Growing up, LaKeysha Washington’s older brother, Stephan, was both her nemesis and her protector. He would taunt her by stringing her Cabbage Patch doll from the ceiling out of her reach or take off down the hill with her wagon hitched to his bike. Stephan teased her endlessly, but LaKeysha felt the closest bond to him in the midst of a turbulent, chaotic childhood in the Seattle area.
When Stephan was 17, he held up a 7-Eleven store to steal food for the family and ended up in a juvenile detention center.
“When he got out of jail, he couldn’t find work,” LaKeysha says. “There was this domino effect of having the label of being in jail. The only thing he knew was to sell drugs, so he went right back into gangs and street life.”
“He could have been so much more if someone had recognized early on that this was a bright kid and tried to help him out of the situation. I am by no means suggesting that the best way to get food for your siblings is to rob a 7-Eleven, but I also realize that, unfortunately, some people commit crimes because of the life that has happened to them.”
There are those who might think it is an odd disconnect for LaKeysha to become a prosecuting attorney. LaKeysha thinks it makes all the sense in the world.
“I strive to be the type of prosecutor whom I would want my brother or cousins or neighbors or friends to have,” she says. “I try to treat defendants fairly. I want to hold people responsible for what they have done, but I also understand that life situations can affect the reason why they’re there. We have drug court, mental health court, and veterans court to get people the help they need. If I can send you to one of these courts so you can continue to be a parent, so that you can be productive, I think that’s the best thing for society.”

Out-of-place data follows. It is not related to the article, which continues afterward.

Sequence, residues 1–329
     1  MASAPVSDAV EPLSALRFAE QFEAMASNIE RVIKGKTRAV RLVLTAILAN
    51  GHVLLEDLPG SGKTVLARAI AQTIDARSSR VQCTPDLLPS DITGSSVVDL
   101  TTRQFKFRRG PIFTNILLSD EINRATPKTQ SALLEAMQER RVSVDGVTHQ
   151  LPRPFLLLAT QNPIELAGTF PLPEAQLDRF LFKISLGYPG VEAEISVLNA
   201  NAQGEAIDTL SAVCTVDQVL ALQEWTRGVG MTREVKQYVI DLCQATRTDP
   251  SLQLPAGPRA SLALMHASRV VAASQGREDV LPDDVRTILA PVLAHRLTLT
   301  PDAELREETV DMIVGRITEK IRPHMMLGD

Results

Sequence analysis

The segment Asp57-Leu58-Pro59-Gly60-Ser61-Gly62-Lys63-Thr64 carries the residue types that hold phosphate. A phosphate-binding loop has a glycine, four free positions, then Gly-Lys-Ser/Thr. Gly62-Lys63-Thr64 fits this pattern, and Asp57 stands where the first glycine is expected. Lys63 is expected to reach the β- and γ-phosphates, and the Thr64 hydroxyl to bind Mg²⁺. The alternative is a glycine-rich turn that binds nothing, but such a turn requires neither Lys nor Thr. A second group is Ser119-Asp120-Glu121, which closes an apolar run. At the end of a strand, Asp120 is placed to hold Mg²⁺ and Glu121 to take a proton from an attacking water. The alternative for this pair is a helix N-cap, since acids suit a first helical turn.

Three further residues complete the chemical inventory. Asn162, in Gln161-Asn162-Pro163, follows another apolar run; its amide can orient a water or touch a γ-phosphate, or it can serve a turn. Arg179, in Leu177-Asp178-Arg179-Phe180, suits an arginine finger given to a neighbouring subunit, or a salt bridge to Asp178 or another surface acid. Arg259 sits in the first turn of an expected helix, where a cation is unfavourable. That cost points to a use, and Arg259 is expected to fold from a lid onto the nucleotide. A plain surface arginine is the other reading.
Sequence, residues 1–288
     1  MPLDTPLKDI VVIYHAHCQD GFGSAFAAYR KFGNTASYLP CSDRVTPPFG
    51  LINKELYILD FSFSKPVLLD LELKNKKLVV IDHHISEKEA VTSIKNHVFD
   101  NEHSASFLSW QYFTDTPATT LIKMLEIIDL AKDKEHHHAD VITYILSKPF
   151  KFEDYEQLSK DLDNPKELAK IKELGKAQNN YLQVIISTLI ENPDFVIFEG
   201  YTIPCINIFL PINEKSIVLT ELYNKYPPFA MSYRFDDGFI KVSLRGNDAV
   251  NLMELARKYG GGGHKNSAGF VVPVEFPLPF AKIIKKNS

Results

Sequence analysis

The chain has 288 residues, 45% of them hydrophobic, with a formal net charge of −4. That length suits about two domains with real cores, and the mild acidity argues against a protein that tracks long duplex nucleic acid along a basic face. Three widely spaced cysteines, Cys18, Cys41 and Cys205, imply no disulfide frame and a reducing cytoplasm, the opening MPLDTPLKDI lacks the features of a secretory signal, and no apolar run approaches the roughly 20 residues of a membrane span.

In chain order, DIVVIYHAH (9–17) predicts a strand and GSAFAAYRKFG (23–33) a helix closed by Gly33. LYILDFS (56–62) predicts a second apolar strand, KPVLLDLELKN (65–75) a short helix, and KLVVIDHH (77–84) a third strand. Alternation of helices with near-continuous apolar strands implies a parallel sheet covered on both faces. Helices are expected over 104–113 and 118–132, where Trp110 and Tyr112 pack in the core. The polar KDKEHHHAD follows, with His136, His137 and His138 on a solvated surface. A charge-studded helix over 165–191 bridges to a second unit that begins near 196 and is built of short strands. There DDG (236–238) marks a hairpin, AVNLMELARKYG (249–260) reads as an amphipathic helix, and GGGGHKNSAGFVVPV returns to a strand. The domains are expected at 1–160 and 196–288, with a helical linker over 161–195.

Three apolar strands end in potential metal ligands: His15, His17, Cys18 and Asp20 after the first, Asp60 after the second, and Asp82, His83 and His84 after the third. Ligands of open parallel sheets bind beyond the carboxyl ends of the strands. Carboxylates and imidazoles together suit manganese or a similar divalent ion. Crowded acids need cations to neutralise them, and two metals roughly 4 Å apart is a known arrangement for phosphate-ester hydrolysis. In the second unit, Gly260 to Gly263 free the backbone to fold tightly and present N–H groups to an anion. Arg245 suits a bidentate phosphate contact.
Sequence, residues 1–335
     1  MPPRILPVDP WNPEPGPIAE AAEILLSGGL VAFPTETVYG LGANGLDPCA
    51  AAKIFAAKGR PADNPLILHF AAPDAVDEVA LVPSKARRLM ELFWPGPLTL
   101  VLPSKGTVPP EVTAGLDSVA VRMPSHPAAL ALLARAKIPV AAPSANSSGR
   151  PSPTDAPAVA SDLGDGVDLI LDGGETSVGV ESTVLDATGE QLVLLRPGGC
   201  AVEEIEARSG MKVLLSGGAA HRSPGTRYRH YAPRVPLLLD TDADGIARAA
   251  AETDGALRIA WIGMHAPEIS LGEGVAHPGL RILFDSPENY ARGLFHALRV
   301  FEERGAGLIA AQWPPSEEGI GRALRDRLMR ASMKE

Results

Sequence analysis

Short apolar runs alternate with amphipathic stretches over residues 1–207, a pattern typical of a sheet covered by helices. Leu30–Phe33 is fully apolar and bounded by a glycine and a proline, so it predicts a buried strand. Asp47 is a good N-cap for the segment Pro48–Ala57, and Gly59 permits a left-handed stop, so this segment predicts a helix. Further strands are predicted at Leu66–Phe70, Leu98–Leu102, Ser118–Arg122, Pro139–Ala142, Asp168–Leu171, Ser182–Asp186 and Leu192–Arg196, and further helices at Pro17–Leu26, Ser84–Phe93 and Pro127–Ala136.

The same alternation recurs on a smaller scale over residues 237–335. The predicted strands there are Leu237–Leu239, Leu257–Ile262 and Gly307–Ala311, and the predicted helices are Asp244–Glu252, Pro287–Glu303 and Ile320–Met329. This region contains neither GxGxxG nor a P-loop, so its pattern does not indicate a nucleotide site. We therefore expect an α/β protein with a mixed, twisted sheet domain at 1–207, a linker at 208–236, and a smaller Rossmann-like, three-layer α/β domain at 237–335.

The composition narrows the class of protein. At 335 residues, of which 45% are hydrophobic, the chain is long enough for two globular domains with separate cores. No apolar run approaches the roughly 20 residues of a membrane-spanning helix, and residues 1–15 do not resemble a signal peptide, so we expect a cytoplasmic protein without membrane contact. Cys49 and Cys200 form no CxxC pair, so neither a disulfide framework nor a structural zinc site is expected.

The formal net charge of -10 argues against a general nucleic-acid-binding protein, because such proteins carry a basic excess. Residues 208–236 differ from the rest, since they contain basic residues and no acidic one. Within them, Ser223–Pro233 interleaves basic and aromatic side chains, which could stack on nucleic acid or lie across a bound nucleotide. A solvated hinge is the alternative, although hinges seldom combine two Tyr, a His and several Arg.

“How does my community deal with the fact that I’m a black prosecutor?” LaKeysha asks. “Some are very negative and will say, ‘How can you do this? How can you work for The Man?’”
“I start with the basic premise that there’s a role for everyone. We need the police and the defense attorneys. And we need the prosecutors because if your family is victimized, you want justice. If your wife or mother is raped or murdered, you want justice for them."
“Prosecutors have so much control and power over what is filed, so if prosecutors think someone was arrested unfairly or there’s not enough evidence, they can decline to file charges,” LaKeysha says. “The criminal justice system is not perfect. It could use reform, but if it’s broken, is it better to leave it in the hands of those you feel broke it, or is it better to have a diverse prosecutor’s office filled with people who want to prosecute defendants fairly?”
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